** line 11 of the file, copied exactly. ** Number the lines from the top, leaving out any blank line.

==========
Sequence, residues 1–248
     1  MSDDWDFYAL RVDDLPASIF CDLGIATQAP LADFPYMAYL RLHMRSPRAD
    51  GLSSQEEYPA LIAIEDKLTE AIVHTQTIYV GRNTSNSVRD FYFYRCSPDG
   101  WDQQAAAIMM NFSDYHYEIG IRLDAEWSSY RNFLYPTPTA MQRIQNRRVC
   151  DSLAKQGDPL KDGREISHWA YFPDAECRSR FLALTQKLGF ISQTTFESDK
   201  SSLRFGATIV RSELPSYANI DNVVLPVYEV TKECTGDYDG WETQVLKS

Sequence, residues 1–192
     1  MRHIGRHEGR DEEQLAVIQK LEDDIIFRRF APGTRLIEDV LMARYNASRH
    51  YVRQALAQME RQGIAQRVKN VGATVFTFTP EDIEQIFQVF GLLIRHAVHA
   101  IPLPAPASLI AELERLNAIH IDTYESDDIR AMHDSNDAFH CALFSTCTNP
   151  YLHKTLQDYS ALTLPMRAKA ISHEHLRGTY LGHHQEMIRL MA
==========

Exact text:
   151  YLHKTLQDYS ALTLPMRAKA ISHEHLRGTY LGHHQEMIRL MA